JONES: Exactly.

BALDWIN: Athena, Athena Jones at the White House, thank you so much.

We have so much to talk about with CNN political director David Chalian, CNN political analyst and "USA Today" columnist Kirsten Powers, CNN national political reporter Maeve Reston, and CNN contributor Larry Noble, who is also the general counsel at the government watchdog group Campaign Legal Center. He's also the former general counsel for the FEC.


Welcome to everyone.

David Chalian, just out of the gate first to you, before I even get into statements and this and that. I thought how you characterized the situation with Neil Gorsuch and senators and the White House and Trump was brilliant. Talk to me about how Sean Spicer today in the briefing would have had to pull off some sort of Jedi linguistics to dig himself out of this.

DAVID CHALIAN, CNN POLITICAL DIRECTOR: I just think he was in a terribly tough situation, because he's trying to square what his own fellow colleagues at the White House put together as a strategy for Gorsuch to go to the Hill and let this be known, that he believes in an independent judiciary and sort of separate himself from the president's tweets.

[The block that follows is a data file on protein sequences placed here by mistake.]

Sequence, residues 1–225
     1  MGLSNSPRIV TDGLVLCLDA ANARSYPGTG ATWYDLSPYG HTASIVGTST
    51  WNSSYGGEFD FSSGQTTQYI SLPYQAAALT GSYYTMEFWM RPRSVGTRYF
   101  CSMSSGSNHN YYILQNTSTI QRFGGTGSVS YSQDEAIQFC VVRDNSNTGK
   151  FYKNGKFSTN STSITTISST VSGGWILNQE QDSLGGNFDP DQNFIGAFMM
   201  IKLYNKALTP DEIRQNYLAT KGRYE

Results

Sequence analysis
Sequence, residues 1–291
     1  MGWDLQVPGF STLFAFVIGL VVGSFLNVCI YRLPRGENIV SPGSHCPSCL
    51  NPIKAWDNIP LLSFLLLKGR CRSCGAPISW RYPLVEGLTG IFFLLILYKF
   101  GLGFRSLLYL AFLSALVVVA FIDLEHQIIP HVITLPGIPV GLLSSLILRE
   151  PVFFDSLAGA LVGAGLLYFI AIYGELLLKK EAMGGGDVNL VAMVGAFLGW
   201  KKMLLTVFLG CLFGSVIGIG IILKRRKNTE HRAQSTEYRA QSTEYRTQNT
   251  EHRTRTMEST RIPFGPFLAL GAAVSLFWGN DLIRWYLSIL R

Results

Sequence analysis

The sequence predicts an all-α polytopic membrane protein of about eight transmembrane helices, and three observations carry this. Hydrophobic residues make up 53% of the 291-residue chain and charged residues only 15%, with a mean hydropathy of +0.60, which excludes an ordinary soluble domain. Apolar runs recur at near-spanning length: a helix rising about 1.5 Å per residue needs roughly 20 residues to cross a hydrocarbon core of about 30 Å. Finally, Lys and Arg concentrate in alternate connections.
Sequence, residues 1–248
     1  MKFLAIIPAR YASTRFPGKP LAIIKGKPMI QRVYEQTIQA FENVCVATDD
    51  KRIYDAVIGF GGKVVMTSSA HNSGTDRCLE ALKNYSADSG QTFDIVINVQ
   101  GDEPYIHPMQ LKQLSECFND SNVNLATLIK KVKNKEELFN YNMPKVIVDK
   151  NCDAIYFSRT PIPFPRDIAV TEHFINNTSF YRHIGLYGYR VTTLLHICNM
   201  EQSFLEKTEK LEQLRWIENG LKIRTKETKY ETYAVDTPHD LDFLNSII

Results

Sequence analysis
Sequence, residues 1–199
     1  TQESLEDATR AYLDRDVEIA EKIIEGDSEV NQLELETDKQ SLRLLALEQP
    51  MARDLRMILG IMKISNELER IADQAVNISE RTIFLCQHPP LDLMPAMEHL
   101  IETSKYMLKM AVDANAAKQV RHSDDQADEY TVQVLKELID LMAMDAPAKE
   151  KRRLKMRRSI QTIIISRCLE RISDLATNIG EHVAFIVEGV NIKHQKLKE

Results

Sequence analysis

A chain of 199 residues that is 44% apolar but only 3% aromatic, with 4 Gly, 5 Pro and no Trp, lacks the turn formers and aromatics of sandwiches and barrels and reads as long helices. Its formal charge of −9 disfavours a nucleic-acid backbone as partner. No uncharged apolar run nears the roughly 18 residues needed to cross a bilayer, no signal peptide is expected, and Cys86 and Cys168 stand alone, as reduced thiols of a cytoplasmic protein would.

He had to square that with his boss, the president, who tweeted out that somehow it was mischaracterized, despite the fact that his own White House team had confirmed these events. That's just an impossible situation for Sean Spicer to be in and it just didn't serve him very well to try to perform all those contortions.

That being said, I really thought this was a very smart strategy on the part of the White House to send Gorsuch up there with this separation, and I think it is very welcome words for Democratic senators to hear. And as they're trying to build a coalition of 60 senators -- and, as you know, they only have 52 Republicans -- to me, it was a pretty wise move.

It is just that President Trump kind of undermined it with his tweet this morning.

BALDWIN: Kirsten, what do you think?

KIRSTEN POWERS, CNN COMMENTATOR: I think what they were trying to do here was a little bit of a wink and a nod.

And the point of the Ayotte statement, as I have been told by people who are working on the confirmation, that what it was meant to be was a clarification.


BALDWIN: Let me just jump in. Let me read it, because we have it. And I don't know if everyone has seen this.